shoulder

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English[edit]

Etymology[edit]

From Middle English sholder, shulder, schulder, from Old English sculdor, sculdra (shoulder), from Proto-Germanic *skuldrô (shoulder), of uncertain origin. Perhaps related to Proto-Germanic *skelduz (shield), see shield. Cognate with Old Frisian skuldere (shoulder), Middle Low German scholder (shoulder), Dutch schouder (shoulder), German Schulter (shoulder).

Pronunciation[edit]

Noun[edit]

shoulder (plural shoulders)

  1. (heading) The part of an animal's body between the base of the neck and forearm socket.
    1. The part of the human torso forming a relatively horizontal surface running away from the neck.
      The parrot was sitting on Steve's shoulder.
      • 1879, Richard Jefferies, chapter 1, The Amateur Poacher:
        But then I had the flintlock by me for protection. ¶ There were giants in the days when that gun was made; for surely no modern mortal could have held that mass of metal steady to his shoulder.
      • 1915, Emerson Hough, The Purchase Price, Ch.I:
        With just the turn of a shoulder she indicated the water front, where, at the end of the dock on which they stood, lay the good ship, Mount Vernon, river packet, the black smoke already pouring from her stacks. In turn he smiled and also shrugged a shoulder.
    2. (anatomy) The joint between the arm and the torso, sometimes including the surrounding muscles, tendons, and ligaments.
    3. A cut of meat comprised of the upper joint of the foreleg and the surrounding muscle.
    4. The portion of a garment where the shoulder is clothed.
  2. Anything forming a shape resembling a human shoulder.
  3. (heading, topography) A shelf between two levels.
    1. A part of a road where drivers may stop in an emergency; a hard shoulder.
      He stopped the car on the shoulder of the highway to change the flat tire.
    2. The portion of a hill or mountain just below the peak.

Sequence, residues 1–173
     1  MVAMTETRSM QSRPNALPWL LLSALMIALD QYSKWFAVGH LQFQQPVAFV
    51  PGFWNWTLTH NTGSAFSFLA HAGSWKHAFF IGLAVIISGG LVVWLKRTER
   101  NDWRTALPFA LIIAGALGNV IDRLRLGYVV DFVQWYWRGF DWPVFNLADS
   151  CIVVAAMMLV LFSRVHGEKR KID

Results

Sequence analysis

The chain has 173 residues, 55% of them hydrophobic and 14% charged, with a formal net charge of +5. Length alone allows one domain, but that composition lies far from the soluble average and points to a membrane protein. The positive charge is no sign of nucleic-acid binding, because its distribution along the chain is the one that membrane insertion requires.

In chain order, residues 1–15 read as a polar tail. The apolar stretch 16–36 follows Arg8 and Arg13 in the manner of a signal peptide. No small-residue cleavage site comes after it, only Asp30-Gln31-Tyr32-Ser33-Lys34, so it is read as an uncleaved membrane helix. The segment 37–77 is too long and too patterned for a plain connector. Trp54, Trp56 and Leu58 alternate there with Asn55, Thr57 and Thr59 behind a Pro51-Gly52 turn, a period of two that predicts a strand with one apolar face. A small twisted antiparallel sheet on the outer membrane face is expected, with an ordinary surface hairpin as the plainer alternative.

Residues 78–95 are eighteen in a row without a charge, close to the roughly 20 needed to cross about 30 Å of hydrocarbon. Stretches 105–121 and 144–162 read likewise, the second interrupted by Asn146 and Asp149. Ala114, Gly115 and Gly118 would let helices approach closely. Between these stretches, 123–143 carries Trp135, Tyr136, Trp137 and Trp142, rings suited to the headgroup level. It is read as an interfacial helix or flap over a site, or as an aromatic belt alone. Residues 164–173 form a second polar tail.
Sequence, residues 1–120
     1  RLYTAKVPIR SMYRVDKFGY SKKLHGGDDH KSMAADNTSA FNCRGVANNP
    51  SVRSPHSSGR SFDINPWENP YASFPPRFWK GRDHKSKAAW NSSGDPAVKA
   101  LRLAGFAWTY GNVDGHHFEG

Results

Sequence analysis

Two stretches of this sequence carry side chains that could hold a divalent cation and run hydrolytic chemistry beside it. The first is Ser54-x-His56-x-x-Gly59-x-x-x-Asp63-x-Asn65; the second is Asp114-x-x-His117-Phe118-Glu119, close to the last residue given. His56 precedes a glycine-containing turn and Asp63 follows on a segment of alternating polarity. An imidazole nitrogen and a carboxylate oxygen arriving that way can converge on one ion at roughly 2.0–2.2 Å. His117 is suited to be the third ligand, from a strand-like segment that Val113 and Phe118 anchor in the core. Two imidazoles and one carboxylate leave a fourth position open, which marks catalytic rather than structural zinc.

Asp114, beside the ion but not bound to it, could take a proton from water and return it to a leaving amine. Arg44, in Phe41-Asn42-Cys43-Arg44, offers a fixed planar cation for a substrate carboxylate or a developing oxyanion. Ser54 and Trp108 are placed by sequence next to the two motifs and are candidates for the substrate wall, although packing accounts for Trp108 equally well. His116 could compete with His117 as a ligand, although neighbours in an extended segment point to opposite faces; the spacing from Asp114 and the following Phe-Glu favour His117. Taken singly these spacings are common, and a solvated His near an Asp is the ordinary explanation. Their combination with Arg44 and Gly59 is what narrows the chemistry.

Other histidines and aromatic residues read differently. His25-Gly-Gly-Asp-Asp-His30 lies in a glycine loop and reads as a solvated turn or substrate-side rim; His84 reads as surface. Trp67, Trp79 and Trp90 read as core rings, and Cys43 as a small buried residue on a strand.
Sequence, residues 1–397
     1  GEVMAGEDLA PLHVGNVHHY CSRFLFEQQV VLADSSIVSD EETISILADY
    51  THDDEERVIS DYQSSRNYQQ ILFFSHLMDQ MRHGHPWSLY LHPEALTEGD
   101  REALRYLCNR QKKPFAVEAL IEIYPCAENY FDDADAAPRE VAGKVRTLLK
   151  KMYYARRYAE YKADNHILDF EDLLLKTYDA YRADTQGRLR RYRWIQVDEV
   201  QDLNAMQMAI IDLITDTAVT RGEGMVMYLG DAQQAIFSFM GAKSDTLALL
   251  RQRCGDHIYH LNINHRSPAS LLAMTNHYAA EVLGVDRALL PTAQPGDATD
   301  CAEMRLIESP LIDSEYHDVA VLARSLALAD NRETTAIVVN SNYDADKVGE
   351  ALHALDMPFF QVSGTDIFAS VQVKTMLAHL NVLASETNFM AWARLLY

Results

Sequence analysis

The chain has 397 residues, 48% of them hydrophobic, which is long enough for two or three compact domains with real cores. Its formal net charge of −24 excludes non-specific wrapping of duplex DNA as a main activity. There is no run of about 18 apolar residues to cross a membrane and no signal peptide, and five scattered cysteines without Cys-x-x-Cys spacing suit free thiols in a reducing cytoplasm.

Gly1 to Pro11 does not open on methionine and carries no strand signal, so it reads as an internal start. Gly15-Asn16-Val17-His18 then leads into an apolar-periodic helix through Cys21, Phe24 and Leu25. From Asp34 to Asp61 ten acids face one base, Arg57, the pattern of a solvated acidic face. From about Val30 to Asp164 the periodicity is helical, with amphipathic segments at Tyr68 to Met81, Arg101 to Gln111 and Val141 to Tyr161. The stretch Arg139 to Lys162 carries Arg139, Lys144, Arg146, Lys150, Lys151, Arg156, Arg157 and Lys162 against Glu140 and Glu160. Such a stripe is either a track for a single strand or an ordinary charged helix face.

• Sir Walter Scott (1771-1832)
        the north western shoulder of the mountain
    3. The lateral protrusion of a hill or mountain.
    4. The angle of a bastion included between the face and flank.
    5. An abrupt projection which forms an abutment on an object, or limits motion, etc., such as the projection around a tenon at the end of a piece of timber.
  4. (printing) The flat portion of type that is below the bevelled portion that joins up with the face.
  5. (heading, of an object) The portion below the neck.
    1. (music) The rounded portion of stringed instrument where the neck joins the body.
    2. The rounded portion of a bottle where the neck meets the body.
    3. (firearms) The angled section between the neck and the main body of a cartridge.
  6. (figuratively) That which supports or sustains; support.

Derived terms[edit]

Translations[edit]

The translations below need to be checked and inserted above into the appropriate translation tables, removing any numbers. Numbers do not necessarily match those in definitions. See instructions at Help:How to check translations.

Verb[edit]

shoulder (third-person singular simple present shoulders, present participle shouldering, simple past and past participle shouldered)

  1. (transitive) To push (a person or thing) using one's shoulder.
    • (Can we date this quote?) Edmond Spenser
      As they the earth would shoulder from her seat.
    • (Can we date this quote?) Rowe
      Around her numberless the rabble flowed, / Shouldering each other, crowding for a view.
  2. (transitive) To carry (something) on one's shoulders.
  3. (transitive, figuratively) To bear a burden, as a financial obligation.
    • 1950, Colin Arthur Cooke, Corporation, Trust and Company: An Essay in Legal History, page 111:
      The shareholders were then shouldering a burden of liability out of proportion to their mere ownership of theoretical fractions of the business.
  4. (transitive) To put (something) on one's shoulders.
    • 2008 June, Men's Health, The World's Simplest Workout, volume 23, page 120:
      Like a power clean, shouldering a sandbag — lifting it from the floor to your shoulder in one explosive movement — requires a coordinated effort from your core, upper body, and legs.
  5. (transitive, figuratively) To accept responsibility for.
    shoulder the blame
  6. (transitive) To place (something) against one's shoulders.
    • 2004, Chris Christian, Larry Sterett, Rick Sapp, The Gun Digest Book of Trap & Skeet Shooting, page 221:
      All three sets are nicely sculptured along the bottom to prevent interference when shouldering your gun with proper shooting form.
  7. (transitive) To form a shape resembling a shoulder.
    • 1977, Roger W. Autor Bolz, Production Processes: The Productivity Handbook, page 12-81:
      allowance at the bottom of blind bores for the chamfered tip of the reamer will obviate additional operations with shouldering or bottoming reamers to completely finish the entire length of a hole.
  8. (intransitive) To move by or as if by using one's shoulders.
    • 2003, Harrison E. Salisbury, The 900 Days: The Siege of Leningrad, page 304:
      He had seen them in the beer halls, shouldering up to the head of the queues
    • 2008, David Mitchell, Cloud Atlas, page 483:
      Mr. Wagstaff strolled with me along the wooded arm of land shouldering northwards from Bethlehem Bay.

Translations[edit]